And now, for the post holiday doldrums, or as I like to call it, the best time of the year. This is the time when every day feeds you slightly more vitamin D, crocuses and daffodils start poking up with the first green shoots. I figure, if we’re going to do anything traditionally brewed in cold weather, now is the last chance. Enter the french stylings of Bière de Garde.
I can hear you all now. “What’s this about a French beer? French people make wine, not beer! It can’t possibly be any better than Italian beer, and that’s bad!” Ah, yes, but back when it was cool to pay your peasant farm hands with watered down beer, the French had the same idea as the Belgians, who called their version Saison. As with Saison, Bière de Garde was initially lower alcohol, to keep the workers from being drunk, but as the style developed, it changed quite a bit. Bière de Garde literally translates to “beer for keeping” and was often cellared for a bit before serving. Given the sanitation standards of farm brewing, it was hard to get a low alcohol beer to age well, often succumbing to souring bacteria not long into the process. Higher alcohol beers age better, and the ABV crept up over time from 3.5-4% to 6-8.5% or so. Ours was brewed a month ago, and is golden in color, 8.4%, somewhat malty, but dry and clean, and features traditional Kent Golding hops combined with a new Yakima variety called Belma. Like Belgian beer, the yeast matters as much as the malt and hops, but the Bière de Garde strains are not as tart and spicy as Saisons. As soon as the Too Big Blonde ale kicks the bucket, it’ll get tapped, and we are on the last of 7 kegs, so come help finish it off!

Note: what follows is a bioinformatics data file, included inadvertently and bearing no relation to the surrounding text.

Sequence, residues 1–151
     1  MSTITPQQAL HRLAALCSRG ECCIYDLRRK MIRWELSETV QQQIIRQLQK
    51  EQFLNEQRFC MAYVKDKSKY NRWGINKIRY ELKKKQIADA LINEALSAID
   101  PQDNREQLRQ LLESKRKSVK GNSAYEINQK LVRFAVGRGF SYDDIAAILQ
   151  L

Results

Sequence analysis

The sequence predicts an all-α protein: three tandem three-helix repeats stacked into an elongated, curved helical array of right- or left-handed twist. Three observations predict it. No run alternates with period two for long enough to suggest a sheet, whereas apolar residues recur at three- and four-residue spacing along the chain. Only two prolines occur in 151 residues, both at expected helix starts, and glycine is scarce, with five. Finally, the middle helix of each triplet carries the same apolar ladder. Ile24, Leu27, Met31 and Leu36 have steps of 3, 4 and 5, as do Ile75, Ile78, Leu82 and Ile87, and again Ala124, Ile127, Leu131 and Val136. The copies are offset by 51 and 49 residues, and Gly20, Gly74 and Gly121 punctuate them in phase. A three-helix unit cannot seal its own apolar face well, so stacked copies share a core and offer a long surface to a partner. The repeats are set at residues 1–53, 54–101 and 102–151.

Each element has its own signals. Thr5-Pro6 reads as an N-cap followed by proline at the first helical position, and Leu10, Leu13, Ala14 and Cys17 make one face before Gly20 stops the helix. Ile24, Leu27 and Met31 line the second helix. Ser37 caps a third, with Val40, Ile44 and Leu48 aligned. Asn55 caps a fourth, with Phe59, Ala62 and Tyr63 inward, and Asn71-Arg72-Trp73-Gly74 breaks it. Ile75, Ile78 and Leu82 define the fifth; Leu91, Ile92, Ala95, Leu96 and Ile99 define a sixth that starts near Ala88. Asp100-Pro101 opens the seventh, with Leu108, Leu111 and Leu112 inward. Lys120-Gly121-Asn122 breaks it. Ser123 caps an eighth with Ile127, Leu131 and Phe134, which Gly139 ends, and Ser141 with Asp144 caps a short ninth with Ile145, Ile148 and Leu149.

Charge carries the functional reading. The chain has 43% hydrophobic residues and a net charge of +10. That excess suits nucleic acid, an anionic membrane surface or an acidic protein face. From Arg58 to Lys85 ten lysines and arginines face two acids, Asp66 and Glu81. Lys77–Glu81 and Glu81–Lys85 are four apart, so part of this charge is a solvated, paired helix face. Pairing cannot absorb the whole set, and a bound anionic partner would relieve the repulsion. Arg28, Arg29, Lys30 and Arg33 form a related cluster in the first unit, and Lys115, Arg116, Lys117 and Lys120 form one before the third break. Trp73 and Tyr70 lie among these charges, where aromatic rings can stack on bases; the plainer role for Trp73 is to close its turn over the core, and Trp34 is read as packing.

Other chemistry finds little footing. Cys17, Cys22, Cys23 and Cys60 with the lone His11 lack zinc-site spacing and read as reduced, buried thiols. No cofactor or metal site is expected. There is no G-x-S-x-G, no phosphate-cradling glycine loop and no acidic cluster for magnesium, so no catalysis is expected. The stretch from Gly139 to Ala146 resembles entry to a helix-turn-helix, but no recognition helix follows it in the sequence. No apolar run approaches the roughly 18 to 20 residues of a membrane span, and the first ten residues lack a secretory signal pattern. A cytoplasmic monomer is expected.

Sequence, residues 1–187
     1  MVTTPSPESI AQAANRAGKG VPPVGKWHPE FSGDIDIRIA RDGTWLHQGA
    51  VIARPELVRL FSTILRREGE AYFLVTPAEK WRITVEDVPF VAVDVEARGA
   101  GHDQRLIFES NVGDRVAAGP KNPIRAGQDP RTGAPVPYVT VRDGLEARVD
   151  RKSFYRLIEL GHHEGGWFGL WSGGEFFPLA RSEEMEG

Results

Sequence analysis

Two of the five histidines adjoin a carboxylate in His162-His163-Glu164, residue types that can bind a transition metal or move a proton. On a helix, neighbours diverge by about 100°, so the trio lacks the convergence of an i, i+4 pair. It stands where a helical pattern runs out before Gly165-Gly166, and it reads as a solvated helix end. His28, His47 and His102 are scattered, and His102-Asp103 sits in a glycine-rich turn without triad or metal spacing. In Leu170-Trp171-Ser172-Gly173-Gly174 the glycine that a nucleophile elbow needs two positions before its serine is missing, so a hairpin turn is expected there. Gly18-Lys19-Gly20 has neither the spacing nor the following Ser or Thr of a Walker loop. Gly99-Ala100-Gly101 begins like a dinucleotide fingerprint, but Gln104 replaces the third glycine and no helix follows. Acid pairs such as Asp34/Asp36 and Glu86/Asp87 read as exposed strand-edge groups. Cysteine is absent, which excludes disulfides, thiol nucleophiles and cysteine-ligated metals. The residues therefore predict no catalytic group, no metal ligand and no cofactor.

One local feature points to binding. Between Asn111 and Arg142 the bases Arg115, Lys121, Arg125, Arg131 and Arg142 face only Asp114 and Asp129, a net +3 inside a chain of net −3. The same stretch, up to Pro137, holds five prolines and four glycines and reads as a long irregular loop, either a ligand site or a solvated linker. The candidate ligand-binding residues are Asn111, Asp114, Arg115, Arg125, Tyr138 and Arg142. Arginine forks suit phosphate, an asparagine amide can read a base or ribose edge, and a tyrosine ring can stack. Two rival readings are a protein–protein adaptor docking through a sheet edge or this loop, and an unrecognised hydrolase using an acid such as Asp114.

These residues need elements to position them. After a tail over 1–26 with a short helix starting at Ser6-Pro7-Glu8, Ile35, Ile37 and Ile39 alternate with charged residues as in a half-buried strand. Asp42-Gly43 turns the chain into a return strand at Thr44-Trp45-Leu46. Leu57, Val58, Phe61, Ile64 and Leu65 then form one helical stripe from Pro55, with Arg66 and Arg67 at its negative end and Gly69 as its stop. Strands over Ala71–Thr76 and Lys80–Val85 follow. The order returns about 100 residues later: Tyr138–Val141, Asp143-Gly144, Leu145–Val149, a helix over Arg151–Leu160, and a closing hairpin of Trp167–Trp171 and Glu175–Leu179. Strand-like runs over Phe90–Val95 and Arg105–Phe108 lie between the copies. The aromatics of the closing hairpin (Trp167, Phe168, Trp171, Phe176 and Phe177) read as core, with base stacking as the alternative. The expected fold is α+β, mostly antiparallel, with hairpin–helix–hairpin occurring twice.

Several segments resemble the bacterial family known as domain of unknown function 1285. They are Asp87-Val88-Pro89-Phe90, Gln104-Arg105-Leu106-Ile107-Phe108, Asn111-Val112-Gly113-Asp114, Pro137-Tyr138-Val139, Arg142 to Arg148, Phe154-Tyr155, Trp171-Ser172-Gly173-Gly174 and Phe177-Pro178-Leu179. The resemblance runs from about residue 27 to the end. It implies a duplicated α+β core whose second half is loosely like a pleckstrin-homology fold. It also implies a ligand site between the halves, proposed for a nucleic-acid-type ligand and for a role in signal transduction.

The other new beer waiting in the wings is the first in a new series, a single hop, featuring Amarillo. Amarillo, like Simcoe and Citra, is a rock star hop. If Cascade was Mick Jagger (been around forever, still relevant, gets consumed at most parties), Amarillo would be kind of a Macklemore (new kid on the scene, universally appealing, sometimes gets over-played). In an era of citrusy, fruity hops, Amarillo came on the scene a couple years ago with a uniquely intense flavor and aroma best applied to IPAs. Quickly, they became hard to get, and they sell out every year. Along with Horizon hops (you may remember Horizon from the Farmhouse IPA we did), Amarillo has the highest myrcene content of any hop, which is responsible for intensifying flavors of earthy orange and grapefruit citrus. Amarillo Single Hop is 5% ABV, and uses Amarillo at every stage of brewing, applied during the boil at minutes 60, 30, 15, 10, 5 and during the whirlpool and dry hop stages. It will get tapped as soon as we finish the Rye Stout, which we are currently on the last keg of. We will be repeating this experiment with different hops for a while (next up, Galaxy hops). Get to know Amarillo on it’s own in this simple, refreshing beer, which is also a great beer to toast touchdowns with …
Speaking of, we won’t be opening early for any games, but we will have NFL playoff games on the TV on Saturday and Sunday this week. As for the Seahawks’ Divisional Playoff game next week, we will open early, naturally, at 1pm. Go Hawks!
Lastly, please enjoy this amazing promotional video made by the lovely daughter of one of our lovely customers: